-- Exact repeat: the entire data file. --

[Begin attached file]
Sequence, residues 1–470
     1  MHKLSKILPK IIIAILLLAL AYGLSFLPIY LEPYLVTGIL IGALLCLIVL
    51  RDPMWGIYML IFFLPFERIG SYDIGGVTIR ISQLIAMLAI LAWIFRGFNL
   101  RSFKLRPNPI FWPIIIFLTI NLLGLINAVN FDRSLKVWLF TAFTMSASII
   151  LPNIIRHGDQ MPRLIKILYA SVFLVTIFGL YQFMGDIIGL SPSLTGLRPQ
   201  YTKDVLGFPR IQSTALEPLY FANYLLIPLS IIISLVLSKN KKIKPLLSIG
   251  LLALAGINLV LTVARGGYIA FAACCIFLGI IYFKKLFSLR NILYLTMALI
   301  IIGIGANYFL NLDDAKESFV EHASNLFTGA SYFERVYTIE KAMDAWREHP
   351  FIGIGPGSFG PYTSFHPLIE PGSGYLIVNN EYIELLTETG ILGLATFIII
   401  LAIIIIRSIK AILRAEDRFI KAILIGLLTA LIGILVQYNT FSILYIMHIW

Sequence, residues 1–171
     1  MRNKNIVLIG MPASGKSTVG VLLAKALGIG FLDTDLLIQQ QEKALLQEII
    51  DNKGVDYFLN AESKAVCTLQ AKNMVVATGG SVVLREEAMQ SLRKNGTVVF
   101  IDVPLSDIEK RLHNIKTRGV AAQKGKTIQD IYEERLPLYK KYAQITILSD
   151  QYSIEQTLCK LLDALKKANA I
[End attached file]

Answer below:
Sequence, residues 1–470
     1  MHKLSKILPK IIIAILLLAL AYGLSFLPIY LEPYLVTGIL IGALLCLIVL
    51  RDPMWGIYML IFFLPFERIG SYDIGGVTIR ISQLIAMLAI LAWIFRGFNL
   101  RSFKLRPNPI FWPIIIFLTI NLLGLINAVN FDRSLKVWLF TAFTMSASII
   151  LPNIIRHGDQ MPRLIKILYA SVFLVTIFGL YQFMGDIIGL SPSLTGLRPQ
   201  YTKDVLGFPR IQSTALEPLY FANYLLIPLS IIISLVLSKN KKIKPLLSIG
   251  LLALAGINLV LTVARGGYIA FAACCIFLGI IYFKKLFSLR NILYLTMALI
   301  IIGIGANYFL NLDDAKESFV EHASNLFTGA SYFERVYTIE KAMDAWREHP
   351  FIGIGPGSFG PYTSFHPLIE PGSGYLIVNN EYIELLTETG ILGLATFIII
   401  LAIIIIRSIK AILRAEDRFI KAILIGLLTA LIGILVQYNT FSILYIMHIW

Sequence, residues 1–171
     1  MRNKNIVLIG MPASGKSTVG VLLAKALGIG FLDTDLLIQQ QEKALLQEII
    51  DNKGVDYFLN AESKAVCTLQ AKNMVVATGG SVVLREEAMQ SLRKNGTVVF
   101  IDVPLSDIEK RLHNIKTRGV AAQKGKTIQD IYEERLPLYK KYAQITILSD
   151  QYSIEQTLCK LLDALKKANA I